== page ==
Car bomb kills at least 9 in Iraq's Mosul
MOSUL, Iraq |
MOSUL, Iraq (Reuters) - A car bomb exploded inside a residential complex for displaced Shi'ite Muslims in the Iraqi city of Mosul on Monday, killing at least nine people and wounding five, hospital and police sources said.
The bombing was the latest in a series of attacks on Shi'ite targets since a political crisis erupted a month ago threatening the survival of Iraq's fragile power-sharing government following the withdrawal of U.S. troops.
A Reuters reporter at the scene of the blast in a small village of Shi'ites from the Shabak minority said the explosion left a shallow crater four meters across and flesh scattered nearby. A taxi shattered by shrapnel lay 30 meters from the explosion with pools of blood beneath it.
"All this because of the political conflict over government posts and we are the poorest people paying the price," Abu Ebrahem, a village resident, told Reuters. "They want to agitate sectarian unrest, but they won't succeed."
Police said they found another car bomb at the scene and closed the area for several hours to defuse it.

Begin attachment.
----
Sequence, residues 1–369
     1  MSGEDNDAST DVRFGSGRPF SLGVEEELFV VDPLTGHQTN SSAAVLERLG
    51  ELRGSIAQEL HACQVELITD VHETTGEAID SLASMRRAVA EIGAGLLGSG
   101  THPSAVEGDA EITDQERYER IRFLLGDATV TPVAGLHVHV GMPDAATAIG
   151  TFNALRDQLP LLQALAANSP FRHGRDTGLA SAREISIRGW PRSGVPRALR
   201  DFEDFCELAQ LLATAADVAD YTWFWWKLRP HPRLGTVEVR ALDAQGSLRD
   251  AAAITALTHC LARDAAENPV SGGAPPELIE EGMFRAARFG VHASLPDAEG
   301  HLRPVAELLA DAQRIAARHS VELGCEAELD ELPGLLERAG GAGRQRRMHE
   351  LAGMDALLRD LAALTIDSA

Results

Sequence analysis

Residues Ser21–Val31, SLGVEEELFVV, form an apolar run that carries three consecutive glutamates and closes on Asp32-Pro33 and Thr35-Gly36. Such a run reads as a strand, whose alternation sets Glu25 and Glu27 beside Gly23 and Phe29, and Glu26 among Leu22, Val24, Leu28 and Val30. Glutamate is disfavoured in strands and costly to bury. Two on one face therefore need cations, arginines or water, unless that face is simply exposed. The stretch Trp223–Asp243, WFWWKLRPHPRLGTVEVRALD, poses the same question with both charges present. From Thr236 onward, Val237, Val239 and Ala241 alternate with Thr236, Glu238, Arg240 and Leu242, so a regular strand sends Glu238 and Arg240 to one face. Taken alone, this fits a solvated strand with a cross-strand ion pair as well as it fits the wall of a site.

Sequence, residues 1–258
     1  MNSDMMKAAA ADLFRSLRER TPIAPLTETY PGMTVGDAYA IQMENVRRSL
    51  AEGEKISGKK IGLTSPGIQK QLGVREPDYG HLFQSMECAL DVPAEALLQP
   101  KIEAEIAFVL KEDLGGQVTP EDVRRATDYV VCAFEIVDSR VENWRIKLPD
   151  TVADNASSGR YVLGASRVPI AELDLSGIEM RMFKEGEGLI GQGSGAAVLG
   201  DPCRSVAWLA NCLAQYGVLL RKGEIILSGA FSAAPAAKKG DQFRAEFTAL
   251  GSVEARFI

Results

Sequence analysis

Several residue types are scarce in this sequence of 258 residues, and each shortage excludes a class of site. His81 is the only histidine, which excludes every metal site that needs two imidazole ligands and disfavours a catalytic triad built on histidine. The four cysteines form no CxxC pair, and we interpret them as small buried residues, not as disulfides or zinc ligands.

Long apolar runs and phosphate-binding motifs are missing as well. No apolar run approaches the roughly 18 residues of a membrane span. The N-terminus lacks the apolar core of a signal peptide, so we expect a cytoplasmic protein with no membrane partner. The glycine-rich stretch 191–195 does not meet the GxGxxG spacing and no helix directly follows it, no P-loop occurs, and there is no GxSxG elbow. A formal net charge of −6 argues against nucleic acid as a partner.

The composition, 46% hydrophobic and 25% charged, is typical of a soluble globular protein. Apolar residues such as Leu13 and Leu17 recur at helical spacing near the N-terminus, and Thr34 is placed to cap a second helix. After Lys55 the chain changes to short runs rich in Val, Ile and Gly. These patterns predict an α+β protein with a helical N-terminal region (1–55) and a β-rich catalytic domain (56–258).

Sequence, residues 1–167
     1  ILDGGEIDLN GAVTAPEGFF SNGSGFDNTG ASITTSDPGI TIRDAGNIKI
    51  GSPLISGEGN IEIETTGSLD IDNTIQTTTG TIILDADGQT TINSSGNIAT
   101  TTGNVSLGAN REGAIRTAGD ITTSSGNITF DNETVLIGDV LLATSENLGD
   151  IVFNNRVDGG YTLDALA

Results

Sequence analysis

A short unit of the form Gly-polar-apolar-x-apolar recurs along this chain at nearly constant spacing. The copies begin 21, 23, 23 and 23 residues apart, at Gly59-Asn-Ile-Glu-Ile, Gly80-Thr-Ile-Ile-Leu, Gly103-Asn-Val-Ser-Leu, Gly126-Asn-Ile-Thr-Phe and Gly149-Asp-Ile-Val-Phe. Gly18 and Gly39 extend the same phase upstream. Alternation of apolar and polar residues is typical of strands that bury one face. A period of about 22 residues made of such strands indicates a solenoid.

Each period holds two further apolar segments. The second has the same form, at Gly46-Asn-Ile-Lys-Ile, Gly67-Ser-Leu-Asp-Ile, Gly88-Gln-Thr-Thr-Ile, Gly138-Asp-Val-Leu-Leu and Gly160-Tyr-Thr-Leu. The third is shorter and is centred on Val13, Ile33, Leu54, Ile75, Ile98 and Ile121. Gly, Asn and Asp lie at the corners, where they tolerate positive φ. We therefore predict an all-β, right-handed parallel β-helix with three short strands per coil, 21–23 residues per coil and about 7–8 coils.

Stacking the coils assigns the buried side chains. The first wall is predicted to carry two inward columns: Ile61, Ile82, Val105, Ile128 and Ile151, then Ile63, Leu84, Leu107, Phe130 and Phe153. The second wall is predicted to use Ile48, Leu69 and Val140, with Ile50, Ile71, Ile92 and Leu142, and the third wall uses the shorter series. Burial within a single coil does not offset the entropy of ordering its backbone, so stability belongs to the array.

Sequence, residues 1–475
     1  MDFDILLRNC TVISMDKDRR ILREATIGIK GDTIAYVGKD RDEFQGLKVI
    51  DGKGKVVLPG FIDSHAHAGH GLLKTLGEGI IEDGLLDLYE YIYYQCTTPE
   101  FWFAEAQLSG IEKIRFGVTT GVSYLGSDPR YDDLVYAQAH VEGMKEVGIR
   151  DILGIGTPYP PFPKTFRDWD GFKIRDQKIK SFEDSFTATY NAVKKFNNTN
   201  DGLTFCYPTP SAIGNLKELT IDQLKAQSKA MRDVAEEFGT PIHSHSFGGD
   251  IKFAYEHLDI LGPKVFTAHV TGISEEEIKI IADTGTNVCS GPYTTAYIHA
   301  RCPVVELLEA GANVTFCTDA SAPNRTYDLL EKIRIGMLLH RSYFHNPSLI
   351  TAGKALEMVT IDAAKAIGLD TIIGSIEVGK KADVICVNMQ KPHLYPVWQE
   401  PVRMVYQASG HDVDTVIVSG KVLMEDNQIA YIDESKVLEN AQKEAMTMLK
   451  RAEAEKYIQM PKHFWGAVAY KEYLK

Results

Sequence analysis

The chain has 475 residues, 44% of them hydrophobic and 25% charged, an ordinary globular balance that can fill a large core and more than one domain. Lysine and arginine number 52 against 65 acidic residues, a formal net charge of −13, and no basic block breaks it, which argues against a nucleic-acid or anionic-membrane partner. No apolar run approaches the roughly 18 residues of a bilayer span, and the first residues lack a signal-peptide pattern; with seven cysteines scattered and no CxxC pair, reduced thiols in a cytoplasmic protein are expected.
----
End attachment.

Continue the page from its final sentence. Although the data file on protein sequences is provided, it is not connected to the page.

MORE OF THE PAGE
Hospital officials confirmed the casualty toll.
Political tensions in Iraq have been high since December, when Shi'ite Prime Minister Nuri al-Maliki's government ordered the arrest of a Sunni vice president, touching off a crisis that many fear will bring a relapse into sectarian conflict.
On Saturday, a suicide bomber disguised as a policeman killed at least 53 people and wounded scores in an attack on Shi'ite pilgrims at a checkpoint in the southern city of Basra.
Mosul, in northern Iraq, was once an al Qaeda stronghold, and witnessed some of the fiercest fighting during the war that followed the 2003 U.S.-led invasion.
The eastern outskirts of Mosul form part of the disputed areas between the central government and the semi-autonomous Kurdistan Region Government in the north.
The disputed territories between Iraqi Arabs and Kurds are seen as a flashpoints for possible conflict after the last American troops left Iraq in December, nearly nine years after the invasion that ousted Saddam Hussein.
(Writing by Suadad al-Salhy; Editing by Patrick Markey and Mark Heinrich)
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